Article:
Michael Guarino,

I’m glad you liked the analogy! I was a bit hesitant about it in case Rod or other Orthodox readers found it mildly blasphemous. I didn’t mean to suggest Trump is particularly holy or saintly. Just that, like the Holy Fool, he’s so outlandish and so much on the ‘fringe’ of normal political discourse (though Trump is on the fringe because of his wealth, and the Holy Fool because of his poverty), that polite society doesn’t know what to make or how to respond to him. His incoherent ramblings and the fact that he knows he’s on the ‘outside’ of polite society and doesn’t care, allow him the freedom to occasionally speak truths that more mainstream figures would never dare to say, or even to think. His utterances aren’t particularly well thought out or coherent, but on many occasions they’re, well, true, and his status as a political outsider are what let him utter them.

One of the best examples, I think, was his famous/notorious remarks about “there needs to be some punishment” for women who have abortions. Rod was outraged when Trump said that, and said “he obviously hasn’t thought about it for more than five minutes, no serious pro-lifer would ever say that.” Is that really true though? Is there any good logical or moral reason not to impose any kind of legal sanctions on women who have abortions, if you really believe it’s homicide? I don’t think so. Plenty of countries do punish women who have abortions, with short jail sentences, and they aren’t all backwards African theocracies either. Among them are Chile (a country with a Europe-level fertility rate and arguably more liberal sexual ethics than we have), Colombia (a country liberal enough to have gay marriage and some limited drug legalization), Brazil (the country which had a pro-life socialist woman president earlier this year), El Salvador (which has now has a lower fertility rate than America), and others. There’s no intrinsic logical reason why, if abortion is murder, you wouldn’t punish everyone involved with it.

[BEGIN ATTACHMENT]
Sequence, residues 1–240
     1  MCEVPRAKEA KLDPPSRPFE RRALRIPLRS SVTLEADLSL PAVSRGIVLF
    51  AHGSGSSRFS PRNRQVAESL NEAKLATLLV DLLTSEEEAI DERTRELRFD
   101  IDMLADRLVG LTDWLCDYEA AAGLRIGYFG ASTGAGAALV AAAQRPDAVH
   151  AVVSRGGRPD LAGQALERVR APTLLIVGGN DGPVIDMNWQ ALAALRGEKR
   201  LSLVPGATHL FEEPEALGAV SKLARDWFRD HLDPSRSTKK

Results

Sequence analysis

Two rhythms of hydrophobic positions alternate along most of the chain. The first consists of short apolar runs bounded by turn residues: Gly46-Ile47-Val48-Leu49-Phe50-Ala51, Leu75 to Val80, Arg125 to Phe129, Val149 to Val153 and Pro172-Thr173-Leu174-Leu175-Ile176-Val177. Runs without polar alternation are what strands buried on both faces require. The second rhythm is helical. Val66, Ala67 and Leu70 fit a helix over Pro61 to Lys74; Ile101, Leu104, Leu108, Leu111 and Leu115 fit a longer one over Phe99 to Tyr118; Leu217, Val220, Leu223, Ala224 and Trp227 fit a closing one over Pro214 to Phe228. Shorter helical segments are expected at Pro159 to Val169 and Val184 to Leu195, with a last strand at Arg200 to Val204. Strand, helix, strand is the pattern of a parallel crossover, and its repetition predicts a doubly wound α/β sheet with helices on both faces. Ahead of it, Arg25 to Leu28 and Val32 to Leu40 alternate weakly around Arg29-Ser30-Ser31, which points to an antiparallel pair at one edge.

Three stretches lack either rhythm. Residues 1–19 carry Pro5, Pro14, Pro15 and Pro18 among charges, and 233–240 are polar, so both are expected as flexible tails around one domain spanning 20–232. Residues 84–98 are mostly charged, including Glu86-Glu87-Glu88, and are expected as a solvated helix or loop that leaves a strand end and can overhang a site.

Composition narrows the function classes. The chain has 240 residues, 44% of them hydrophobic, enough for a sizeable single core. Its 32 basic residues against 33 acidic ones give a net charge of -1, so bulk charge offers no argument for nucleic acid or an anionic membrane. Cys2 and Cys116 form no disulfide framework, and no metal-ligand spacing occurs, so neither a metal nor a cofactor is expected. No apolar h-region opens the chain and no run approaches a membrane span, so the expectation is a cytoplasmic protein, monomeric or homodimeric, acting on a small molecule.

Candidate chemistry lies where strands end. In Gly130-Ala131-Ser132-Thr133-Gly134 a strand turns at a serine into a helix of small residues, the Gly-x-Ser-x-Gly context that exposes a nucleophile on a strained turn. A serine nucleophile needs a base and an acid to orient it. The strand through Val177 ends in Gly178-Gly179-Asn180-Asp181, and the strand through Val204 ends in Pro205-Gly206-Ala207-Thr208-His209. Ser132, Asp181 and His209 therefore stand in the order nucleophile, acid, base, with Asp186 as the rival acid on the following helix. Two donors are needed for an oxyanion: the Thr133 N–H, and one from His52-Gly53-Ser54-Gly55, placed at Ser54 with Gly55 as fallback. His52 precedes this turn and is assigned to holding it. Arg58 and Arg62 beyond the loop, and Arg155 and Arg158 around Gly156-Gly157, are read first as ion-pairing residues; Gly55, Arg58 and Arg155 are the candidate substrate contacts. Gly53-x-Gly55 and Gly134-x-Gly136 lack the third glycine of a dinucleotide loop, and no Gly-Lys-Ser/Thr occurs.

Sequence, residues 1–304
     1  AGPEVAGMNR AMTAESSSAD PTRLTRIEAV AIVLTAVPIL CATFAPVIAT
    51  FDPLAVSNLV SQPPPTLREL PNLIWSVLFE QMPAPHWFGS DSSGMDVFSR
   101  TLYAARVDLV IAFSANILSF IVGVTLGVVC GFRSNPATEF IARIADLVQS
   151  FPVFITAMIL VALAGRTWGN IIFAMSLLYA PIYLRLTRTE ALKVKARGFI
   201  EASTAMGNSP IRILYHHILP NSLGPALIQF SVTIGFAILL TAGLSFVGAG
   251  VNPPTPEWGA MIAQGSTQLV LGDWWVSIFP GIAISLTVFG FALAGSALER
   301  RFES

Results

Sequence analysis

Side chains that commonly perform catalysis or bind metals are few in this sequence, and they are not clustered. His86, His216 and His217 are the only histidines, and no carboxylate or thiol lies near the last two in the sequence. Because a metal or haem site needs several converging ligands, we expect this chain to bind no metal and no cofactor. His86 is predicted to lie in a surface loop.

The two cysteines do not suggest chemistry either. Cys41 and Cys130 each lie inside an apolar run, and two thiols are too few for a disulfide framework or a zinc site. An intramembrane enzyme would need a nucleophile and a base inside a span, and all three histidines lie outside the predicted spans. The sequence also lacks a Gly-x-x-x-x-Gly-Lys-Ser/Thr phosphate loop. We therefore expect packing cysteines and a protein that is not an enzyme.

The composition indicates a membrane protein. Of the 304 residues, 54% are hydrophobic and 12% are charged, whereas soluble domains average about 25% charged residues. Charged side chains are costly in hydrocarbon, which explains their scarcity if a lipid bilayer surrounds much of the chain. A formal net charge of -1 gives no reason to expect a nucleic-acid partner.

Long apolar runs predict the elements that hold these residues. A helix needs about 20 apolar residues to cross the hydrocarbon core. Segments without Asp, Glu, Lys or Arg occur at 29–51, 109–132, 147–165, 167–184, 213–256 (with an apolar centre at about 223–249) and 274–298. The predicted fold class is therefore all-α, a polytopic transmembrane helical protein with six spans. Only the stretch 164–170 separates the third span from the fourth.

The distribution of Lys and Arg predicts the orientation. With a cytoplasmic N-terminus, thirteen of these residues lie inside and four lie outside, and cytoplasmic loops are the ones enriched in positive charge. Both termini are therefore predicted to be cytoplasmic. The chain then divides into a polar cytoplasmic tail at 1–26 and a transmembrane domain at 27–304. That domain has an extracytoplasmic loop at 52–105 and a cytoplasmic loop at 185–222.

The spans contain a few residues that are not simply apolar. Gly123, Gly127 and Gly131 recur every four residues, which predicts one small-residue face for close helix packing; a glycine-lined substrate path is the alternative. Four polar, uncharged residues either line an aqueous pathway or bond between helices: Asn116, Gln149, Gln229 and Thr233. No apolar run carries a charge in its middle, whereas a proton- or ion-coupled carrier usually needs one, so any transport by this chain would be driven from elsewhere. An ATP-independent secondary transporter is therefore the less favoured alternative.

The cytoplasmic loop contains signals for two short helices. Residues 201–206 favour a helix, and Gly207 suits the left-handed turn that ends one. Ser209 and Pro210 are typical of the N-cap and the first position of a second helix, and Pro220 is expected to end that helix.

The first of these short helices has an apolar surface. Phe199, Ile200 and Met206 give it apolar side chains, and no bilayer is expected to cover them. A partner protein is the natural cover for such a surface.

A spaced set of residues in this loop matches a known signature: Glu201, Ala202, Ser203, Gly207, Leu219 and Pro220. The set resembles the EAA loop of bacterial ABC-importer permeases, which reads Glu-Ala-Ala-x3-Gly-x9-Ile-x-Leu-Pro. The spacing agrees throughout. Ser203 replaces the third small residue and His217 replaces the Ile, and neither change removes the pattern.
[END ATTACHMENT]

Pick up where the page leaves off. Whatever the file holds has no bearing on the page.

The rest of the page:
The reason the organized pro-life movement in this country never whispers a peep about punishing mothers, and why they were so horrified, is because they know it wouldn’t be politically expedient to do so. Which of course they paper over with verbiage about “every abortion has two victims, the baby and the mother”. But in fact that isn’t true at all. Some mothers are quite aware of what they’re doing and don’t care. The classic “mother is the second victim” talking point of the American pro-life lobby is a selling-out to political expediency which actually makes us look less principled in the long term, and makes it clear we don’t have the courage of our conbictions. Trump isn’t beholden to anyone so he had the freedom to actually say what a neutral outsider, coming to this issue with no ties to any ‘movement’ would say based purely on the internal logic of the pro-life position.

#8 Comment By Darth Thulhu On August 3, 2016 @ 4:59 am

mrscracker wrote:

You know, this is really all staged political theatre.

Indeed. And there is nothing Mr. Trump enjoys more than being center stage.

I don’t see the necessity of taking the bait. Mr Trump shouldn’t either.

The “necessity” is that he “needs” to make an example of people with less power than him presuming to take him down a peg before an audience of tens of millions. He “needs” to break them, publicly and slowly and relentlessly, as an example to others.

So Khan stood up and showed that he doesn’t understand Constitutional law while lecturing Trump, but Trump can’t leave it at showing Khan to be an inept misreader of the prop Constitution that he carries around.